Like many industry analysts, Quinn is also paid by the companies he criticizes. AWS has sponsored his newsletter and has paid him for advice, but Quinn said Amazon had never tried to rein in what he said. Google said it had paid him for insight, too.
A frequent target of Quinn’s jabs are uninspired AWS product names. After Amazon released a flurry of new services during a meticulously planned keynote presentation at a developers conference in December, Quinn offered his unfiltered take.
“Look at these awful service names. Gaze upon their awfulness,” he said.
He called up a slide with the worst offenders: Lookout for Equipment; Trainium; Glue Elastic Views; SageMaker Data Wrangler; and Amazon Outposts, the Smaller Ones.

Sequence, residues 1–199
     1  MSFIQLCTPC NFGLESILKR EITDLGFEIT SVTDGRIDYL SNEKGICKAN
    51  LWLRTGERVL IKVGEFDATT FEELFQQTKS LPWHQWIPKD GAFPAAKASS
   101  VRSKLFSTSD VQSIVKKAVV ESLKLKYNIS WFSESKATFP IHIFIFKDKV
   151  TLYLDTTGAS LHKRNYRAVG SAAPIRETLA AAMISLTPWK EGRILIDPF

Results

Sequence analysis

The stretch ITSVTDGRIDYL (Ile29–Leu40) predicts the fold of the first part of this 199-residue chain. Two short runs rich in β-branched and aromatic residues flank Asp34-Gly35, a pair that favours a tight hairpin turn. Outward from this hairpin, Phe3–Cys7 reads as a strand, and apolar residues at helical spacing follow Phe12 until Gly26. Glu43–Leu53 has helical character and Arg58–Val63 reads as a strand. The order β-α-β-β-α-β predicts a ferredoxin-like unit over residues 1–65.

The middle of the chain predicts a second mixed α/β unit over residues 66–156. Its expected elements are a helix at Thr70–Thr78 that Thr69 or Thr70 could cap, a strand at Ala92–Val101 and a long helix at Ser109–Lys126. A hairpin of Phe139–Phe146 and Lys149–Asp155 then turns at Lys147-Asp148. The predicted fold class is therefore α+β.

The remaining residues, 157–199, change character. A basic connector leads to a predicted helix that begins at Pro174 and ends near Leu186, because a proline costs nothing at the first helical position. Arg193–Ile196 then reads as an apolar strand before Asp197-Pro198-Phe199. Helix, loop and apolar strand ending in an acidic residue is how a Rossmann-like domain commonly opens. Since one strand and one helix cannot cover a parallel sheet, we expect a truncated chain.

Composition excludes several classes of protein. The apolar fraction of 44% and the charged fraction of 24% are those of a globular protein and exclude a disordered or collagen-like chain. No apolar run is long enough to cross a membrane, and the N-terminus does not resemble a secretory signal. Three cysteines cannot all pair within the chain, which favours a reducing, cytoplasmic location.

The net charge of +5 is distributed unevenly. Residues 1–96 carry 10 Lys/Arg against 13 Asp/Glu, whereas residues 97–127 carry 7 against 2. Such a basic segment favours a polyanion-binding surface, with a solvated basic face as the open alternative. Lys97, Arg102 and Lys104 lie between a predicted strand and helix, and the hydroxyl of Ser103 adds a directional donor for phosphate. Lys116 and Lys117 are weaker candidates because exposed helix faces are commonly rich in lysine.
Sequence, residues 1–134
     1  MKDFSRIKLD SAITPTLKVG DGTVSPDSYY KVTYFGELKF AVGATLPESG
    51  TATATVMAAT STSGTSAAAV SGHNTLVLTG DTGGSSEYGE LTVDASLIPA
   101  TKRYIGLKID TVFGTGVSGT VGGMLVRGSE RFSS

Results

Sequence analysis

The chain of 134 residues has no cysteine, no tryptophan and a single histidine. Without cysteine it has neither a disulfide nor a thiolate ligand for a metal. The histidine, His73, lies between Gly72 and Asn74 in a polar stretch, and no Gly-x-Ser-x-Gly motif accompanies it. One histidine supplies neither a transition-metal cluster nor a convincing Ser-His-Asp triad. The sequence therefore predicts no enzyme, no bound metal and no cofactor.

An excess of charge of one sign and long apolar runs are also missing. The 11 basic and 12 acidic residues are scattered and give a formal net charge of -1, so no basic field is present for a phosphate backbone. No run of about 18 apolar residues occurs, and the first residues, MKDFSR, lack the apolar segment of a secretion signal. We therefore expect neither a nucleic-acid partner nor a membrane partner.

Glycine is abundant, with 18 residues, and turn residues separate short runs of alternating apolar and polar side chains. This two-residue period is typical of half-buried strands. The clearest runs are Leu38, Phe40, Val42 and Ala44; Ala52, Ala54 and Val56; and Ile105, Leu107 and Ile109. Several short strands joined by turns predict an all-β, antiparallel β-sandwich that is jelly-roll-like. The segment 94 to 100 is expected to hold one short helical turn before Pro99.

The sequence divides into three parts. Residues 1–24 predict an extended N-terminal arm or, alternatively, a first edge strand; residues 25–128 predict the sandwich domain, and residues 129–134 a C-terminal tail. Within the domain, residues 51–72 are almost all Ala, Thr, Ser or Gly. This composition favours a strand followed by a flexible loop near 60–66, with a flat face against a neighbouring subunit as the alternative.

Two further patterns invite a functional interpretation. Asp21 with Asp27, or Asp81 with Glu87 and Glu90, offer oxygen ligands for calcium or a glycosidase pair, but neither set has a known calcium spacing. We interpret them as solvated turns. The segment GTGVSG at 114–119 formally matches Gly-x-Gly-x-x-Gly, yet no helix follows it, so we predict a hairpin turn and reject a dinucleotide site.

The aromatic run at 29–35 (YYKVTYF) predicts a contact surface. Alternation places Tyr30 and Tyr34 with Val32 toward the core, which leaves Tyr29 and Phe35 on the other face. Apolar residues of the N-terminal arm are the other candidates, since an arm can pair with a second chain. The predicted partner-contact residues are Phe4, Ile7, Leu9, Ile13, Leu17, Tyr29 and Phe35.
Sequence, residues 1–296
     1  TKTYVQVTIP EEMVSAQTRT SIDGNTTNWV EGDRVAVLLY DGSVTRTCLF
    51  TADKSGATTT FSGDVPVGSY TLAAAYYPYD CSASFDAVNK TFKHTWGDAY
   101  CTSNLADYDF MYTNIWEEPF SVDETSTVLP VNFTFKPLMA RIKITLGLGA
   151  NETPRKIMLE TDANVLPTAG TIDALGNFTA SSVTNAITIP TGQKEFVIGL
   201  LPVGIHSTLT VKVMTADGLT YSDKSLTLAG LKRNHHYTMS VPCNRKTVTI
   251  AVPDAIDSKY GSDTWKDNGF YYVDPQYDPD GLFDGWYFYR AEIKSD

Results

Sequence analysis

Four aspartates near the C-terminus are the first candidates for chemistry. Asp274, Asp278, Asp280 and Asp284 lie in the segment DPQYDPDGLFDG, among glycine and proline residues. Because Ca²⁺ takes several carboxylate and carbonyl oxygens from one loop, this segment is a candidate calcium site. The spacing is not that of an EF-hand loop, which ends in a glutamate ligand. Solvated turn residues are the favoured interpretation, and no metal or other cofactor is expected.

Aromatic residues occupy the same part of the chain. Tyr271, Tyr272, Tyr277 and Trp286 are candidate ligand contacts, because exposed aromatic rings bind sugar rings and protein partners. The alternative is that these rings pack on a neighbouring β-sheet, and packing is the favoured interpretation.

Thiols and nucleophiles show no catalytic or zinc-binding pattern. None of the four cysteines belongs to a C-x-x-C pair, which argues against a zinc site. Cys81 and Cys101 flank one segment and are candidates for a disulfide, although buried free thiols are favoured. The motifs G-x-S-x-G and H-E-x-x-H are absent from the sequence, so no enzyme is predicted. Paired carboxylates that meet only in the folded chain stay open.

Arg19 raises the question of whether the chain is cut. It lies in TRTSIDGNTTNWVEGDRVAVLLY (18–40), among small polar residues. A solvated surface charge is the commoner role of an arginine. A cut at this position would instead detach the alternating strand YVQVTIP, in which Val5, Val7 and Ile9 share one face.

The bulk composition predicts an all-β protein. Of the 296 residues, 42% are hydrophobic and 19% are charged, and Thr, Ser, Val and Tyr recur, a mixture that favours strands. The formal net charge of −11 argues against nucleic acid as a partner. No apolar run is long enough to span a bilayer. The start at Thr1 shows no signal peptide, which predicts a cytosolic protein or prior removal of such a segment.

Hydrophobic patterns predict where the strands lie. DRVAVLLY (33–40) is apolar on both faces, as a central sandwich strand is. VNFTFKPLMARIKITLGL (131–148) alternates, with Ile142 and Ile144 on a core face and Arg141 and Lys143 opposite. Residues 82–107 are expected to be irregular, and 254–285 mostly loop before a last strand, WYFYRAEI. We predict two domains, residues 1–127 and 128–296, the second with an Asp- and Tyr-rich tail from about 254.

Quinn recently branched out with another AWS parody music video. Instead of a birthday message for an executive, he roasted Amazon’s seemingly endless rollout of more computing capacity.
“Don’t stop releasing,” a sunglass-wearing platypus sings to the tune of Journey’s “Don’t Stop Believin’.” “Data centers are increasing, hiding somewhere in your town. Don’t stop releasing.”
Quinn said that companies with trillion-dollar market valuations were fair game for his needling, but that he avoided jokes at the expense of individual employees or executives. When he made the parody video of Barr, he checked with a person close to the Amazon executive to make sure he didn’t cross any lines.
Quinn said he made an exception for Larry Ellison, a co-founder of Oracle, because “no one likes him.”
An Oracle spokeswoman did not respond to an email seeking comment on Ellison’s popularity.